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Happy Dough and Dough Nation are bringing the edible cookie dough craze to Tampa

Dough Nation is set to open in downtown Tampa. [Metropolitan Ministries on Facebook]
Published Aug. 3, 2017

Think back to your greatest childhood memory. Mom making chocolate chip cookies, the kitchen cozy and fragrant. She hands you the beaters, you stand and lick them clean. Ignore the part where somebody admonishes you both about the risks of eating raw egg.

Fast forward to college when cookie dough ice cream became your solace by the pint. No judgment, just a gold mine of cookie clods.

Cookie dough is back. In New York City's Greenwich Village, there are lines down the block at Do, shades of Dominique Ansel's cronuts. Online, there are the Cookie Dough Cafe, Edoughble and Unbaked: A Cookie Dough Bar.

And now the dough craze has rolled into Tampa Bay.

The Happy Dough holds its grand opening on Aug. 5 at the Tampa Premium Outlets, 2300 Grand Cypress Drive, Lutz. Owners Cary and Trey Sanchez say the dough is completely safe to eat raw, but you can take it home and bake it if you're a sissy. You can even mix it into another dessert if you're feeling artistic (look where it got Ben & Jerry).

DO IN NYC: We waited hours for cookie dough in New York City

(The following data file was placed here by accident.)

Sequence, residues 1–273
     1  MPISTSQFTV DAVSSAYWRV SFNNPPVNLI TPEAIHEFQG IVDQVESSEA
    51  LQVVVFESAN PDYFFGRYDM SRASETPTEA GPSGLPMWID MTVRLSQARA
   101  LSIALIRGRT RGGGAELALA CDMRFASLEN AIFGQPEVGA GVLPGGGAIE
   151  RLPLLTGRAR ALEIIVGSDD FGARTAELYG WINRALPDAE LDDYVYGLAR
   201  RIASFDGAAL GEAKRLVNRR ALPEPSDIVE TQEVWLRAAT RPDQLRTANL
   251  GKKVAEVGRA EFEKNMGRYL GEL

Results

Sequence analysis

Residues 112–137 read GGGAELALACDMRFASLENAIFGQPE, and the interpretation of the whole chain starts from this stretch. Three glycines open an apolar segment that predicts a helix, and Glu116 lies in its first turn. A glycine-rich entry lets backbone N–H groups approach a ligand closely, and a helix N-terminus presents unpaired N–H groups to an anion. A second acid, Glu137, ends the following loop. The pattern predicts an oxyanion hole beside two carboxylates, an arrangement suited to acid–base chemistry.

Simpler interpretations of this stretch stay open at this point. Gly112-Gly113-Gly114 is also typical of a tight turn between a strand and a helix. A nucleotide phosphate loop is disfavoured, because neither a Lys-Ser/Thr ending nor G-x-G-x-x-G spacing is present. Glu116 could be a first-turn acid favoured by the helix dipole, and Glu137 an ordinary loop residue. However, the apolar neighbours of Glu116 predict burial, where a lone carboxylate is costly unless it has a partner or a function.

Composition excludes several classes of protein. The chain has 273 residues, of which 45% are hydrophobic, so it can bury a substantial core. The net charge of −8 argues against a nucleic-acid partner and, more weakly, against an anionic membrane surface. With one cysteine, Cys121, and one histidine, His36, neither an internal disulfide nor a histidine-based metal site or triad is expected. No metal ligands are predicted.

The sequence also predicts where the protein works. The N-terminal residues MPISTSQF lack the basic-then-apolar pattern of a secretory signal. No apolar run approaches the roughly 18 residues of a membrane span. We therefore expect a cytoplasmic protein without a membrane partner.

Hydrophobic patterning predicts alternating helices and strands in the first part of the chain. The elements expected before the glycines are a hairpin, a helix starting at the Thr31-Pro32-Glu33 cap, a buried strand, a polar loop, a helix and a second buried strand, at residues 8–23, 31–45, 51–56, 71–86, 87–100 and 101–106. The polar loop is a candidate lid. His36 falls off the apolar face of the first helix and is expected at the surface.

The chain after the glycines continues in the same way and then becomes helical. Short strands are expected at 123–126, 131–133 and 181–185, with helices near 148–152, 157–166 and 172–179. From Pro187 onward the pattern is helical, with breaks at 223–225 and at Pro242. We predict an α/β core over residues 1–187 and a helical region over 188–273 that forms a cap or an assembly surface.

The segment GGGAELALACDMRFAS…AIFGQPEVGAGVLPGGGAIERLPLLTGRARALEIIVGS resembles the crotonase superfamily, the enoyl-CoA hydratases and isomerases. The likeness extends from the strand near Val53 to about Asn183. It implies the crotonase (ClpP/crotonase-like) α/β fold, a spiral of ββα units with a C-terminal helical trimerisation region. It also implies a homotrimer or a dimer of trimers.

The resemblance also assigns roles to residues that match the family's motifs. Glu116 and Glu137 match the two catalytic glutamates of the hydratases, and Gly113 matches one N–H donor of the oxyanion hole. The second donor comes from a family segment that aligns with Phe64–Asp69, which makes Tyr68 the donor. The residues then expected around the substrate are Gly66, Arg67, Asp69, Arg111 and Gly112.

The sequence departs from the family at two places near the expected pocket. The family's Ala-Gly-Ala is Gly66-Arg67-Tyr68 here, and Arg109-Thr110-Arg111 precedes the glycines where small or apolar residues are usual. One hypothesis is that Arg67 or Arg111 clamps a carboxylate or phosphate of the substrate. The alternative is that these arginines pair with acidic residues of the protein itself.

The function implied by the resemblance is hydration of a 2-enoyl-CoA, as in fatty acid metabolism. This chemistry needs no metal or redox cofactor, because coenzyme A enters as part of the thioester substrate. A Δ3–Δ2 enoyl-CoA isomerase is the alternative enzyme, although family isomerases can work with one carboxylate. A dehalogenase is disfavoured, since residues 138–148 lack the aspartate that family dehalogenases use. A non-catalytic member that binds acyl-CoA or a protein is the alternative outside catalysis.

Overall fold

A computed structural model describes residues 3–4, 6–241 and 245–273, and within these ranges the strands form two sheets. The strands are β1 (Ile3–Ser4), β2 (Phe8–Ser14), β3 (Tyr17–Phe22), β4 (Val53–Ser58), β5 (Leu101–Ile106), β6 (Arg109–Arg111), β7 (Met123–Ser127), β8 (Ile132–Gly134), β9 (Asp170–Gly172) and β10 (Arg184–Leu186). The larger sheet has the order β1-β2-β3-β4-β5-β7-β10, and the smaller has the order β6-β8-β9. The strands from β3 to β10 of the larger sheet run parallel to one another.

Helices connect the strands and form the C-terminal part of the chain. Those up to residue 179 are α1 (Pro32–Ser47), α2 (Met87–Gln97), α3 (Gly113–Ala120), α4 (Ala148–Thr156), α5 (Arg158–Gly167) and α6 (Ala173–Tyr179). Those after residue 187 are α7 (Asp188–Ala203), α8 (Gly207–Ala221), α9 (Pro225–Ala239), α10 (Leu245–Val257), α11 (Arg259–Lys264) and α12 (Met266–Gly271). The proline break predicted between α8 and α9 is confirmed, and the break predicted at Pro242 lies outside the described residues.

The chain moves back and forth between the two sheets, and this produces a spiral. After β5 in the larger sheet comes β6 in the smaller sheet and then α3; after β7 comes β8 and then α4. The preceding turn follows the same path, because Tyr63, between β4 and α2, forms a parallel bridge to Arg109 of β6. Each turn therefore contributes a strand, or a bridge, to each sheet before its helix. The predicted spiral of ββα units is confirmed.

Set up like a scoop shop, Happy Dough offers three sizes of dough ($4, $7 and $12) in flavors like all-American chocolate chip, the Cowboy (oatmeal cookie, walnuts, chocolate chips and coconut) and the Unicorn ("sugar cookie and magic," which evidently is very purple).

This newcomer will soon be joined by a new Metropolitan Ministries enterprise called Dough Nation (Get it? All proceeds from your purchases go directly to feed the hungry in Tampa Bay). This is the brainchild of Cliff Barsi, who is also the mastermind behind Inside the Box Cafe, which recently announced it would open another location in the lobby of the Tampa Bay Times building in Tampa.

The Dough Nation concept will debut in September in downtown Tampa, and will be set up like a scoop shop with flavors including dark chocolate, s'mores and even a vegan option (coconut macaroon). Dough Nation will serve as a training platform for the students of the Metropolitan Ministries culinary program transitioning out of homelessness.

INSIDE THE BOX: New cafe opening in Tampa

What's the deal with all the dough? It's nostalgia, clearly, a guilty pleasure from our childhoods. But you can also blame social media and millennials: They like novelty, the next big thing. They have tired of Thai rolled ice cream and mini doughnuts. And what's more Instagrammable than hand-scooped cookie dough topped with a range of candies and treats, especially if it contains a little unicorn magic?

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